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Editors arrested for publishing photo of sexual assault



(CPJ/IFEX) - At approximately 9:00 a.m. on 13 May 1999, Criminal
Investigation Department (CID) police officers detained three journalists
for the independent daily "The Monitor" - editor in chief Wafula Oguttu,
editor Charles Onyango-Obbo, and news editor David Ouma Balikow - at the
newspaper's Kampala offices, and transported them to CID headquarters, also
located in the capital city. At approximately 3:00 p.m., the three
journalists were taken to the Buganda Road Magistrate Court in Kampala,
where they were each charged with sedition and with the publication of false
news under the Penal Code Act. Oguttu, Onyango-Obbo, and Balikow were each
released on bail of US$100, and surity of US$1000. A hearing has been set
for 15 June.




The press secretary to the president, Hope Kivengere, and the senior
presidential advisor for the press and public relations, John Naggenda,
reportedly lodged the complaints against the three journalists in response
to "The Monitor"'s 11 May publication of a photograph depicting soldiers
holding down a nude woman while one soldier held a pair of scissors near her
genital area. The caption to the photograph said that the attack took place
at army barracks in Gulu, in northern Uganda.

Deputy Army Commander Brigadier Joram Mugume has said that the "The Monitor"
photograph was faked. However, CID police, when presented with an original
copy of the photograph by "The Monitor", did not dispute its veracity. CPJ
sources report that one soldier in the photograph has been identified, but
fear that authorities will not move expeditiously to bring him to trial.

Background Information


Ogen Kevin Aliro, chief sub-editor of "The Monitor", was severely beaten in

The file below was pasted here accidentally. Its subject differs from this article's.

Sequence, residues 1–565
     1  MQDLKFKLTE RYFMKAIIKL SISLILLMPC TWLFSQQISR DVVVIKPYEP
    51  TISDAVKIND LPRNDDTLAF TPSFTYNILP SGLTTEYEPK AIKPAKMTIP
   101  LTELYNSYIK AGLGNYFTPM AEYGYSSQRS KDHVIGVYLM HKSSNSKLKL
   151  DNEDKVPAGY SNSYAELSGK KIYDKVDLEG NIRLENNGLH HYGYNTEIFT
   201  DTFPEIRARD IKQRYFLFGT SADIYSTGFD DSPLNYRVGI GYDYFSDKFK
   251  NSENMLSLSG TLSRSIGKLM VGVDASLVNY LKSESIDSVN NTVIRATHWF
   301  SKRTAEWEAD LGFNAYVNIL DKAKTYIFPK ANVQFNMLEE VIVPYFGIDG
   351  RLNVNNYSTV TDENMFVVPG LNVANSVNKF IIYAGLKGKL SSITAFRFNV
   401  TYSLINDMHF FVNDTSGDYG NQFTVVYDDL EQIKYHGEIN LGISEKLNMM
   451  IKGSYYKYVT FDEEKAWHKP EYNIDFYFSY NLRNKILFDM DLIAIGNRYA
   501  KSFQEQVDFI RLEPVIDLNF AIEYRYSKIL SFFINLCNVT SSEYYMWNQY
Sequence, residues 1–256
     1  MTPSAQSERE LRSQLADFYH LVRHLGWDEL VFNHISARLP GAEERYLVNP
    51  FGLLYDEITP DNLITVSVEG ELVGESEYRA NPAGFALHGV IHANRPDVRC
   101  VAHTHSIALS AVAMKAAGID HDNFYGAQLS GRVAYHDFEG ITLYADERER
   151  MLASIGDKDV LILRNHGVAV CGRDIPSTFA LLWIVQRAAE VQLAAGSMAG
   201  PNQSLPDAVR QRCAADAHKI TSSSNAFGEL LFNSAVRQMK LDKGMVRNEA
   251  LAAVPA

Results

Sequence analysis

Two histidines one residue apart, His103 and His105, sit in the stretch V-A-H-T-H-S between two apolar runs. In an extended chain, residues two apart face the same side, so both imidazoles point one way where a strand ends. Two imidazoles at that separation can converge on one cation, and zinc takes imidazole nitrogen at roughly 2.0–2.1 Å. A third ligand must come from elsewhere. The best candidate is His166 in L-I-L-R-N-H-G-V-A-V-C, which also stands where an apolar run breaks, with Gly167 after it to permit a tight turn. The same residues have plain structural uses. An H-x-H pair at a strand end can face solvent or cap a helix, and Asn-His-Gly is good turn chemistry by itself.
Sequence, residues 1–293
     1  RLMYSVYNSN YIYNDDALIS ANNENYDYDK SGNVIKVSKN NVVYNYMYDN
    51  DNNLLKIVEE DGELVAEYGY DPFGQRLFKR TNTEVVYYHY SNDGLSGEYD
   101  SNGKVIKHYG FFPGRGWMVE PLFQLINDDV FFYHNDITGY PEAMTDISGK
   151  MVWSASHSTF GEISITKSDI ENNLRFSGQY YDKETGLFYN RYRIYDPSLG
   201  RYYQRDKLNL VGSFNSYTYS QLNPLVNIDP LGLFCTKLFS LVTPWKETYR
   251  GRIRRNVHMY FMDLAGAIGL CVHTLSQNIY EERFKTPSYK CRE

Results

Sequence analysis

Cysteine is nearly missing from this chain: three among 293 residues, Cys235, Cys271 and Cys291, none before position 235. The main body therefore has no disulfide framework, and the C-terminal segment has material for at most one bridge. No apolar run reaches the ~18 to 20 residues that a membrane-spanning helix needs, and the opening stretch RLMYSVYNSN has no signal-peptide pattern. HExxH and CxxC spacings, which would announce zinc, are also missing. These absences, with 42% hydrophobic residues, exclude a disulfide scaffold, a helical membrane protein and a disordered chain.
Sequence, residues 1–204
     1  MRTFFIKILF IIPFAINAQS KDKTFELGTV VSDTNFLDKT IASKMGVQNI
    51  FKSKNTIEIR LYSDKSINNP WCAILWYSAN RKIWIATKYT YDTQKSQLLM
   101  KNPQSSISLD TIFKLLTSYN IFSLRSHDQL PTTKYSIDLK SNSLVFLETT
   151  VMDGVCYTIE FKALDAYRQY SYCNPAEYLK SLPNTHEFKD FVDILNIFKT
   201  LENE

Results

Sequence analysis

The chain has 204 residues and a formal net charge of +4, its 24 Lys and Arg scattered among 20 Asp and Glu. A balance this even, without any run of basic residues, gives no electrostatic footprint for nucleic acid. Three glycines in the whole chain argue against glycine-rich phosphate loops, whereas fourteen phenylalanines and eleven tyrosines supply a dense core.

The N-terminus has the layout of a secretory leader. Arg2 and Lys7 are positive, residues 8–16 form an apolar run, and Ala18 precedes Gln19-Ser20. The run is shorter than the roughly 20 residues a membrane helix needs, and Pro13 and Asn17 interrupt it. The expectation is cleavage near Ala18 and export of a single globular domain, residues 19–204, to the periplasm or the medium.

October 1998. The assault is believed to be reprisal for his report in "The
Monitor" on the use of torture by authorities in Uganda.

At approximately midnight on October 29, 1998, near his residence in Ntindi,
Kampala, Aliro stopped his car when another car pulled out from a side
street, blocking the road. When Aliro exited his vehicle to ask for
passage, he saw that another car had blocked his vehicle from behind. Two
men from each car rushed out from the vehicles and knocked Aliro to the
ground. As Aliro fell, he noticed two more men coming toward him from nearby
storefronts. The men pinned Aliro's face to the ground as they punched and
kicked his head and back.

One of the assailants called the journalist by his first name, and another
shouted, "This will teach you to keep your big mouth shut!" As Aliro
attempted to call for assistance on his cellular phone, one of the attackers
said, "You are looking for your cell phone to call your friend Kazini for
assistance?" James Kazini, the chief of staff of the Ugandan Army, and Aliro
are acquaintances.

Aliro sustained a compound fracture of his collar bone, a fractured shoulder
blade, and injuries to his face, arms, and legs in the assault. He required
surgery, which was not performed until 12 November.

The attack is believed to be retaliation for Aliro's investigative report
titled "Safe Houses: A Return to the Shadows?", published in the 27 October
edition of "The Monitor". The article reported that the practice of torture
is re-emerging in Uganda at secretly located "safe houses" run by the
Internal Security Organization (ISO) and the Department of Military
Intelligence (DMI) (see IFEX alert of 17 November 1998).



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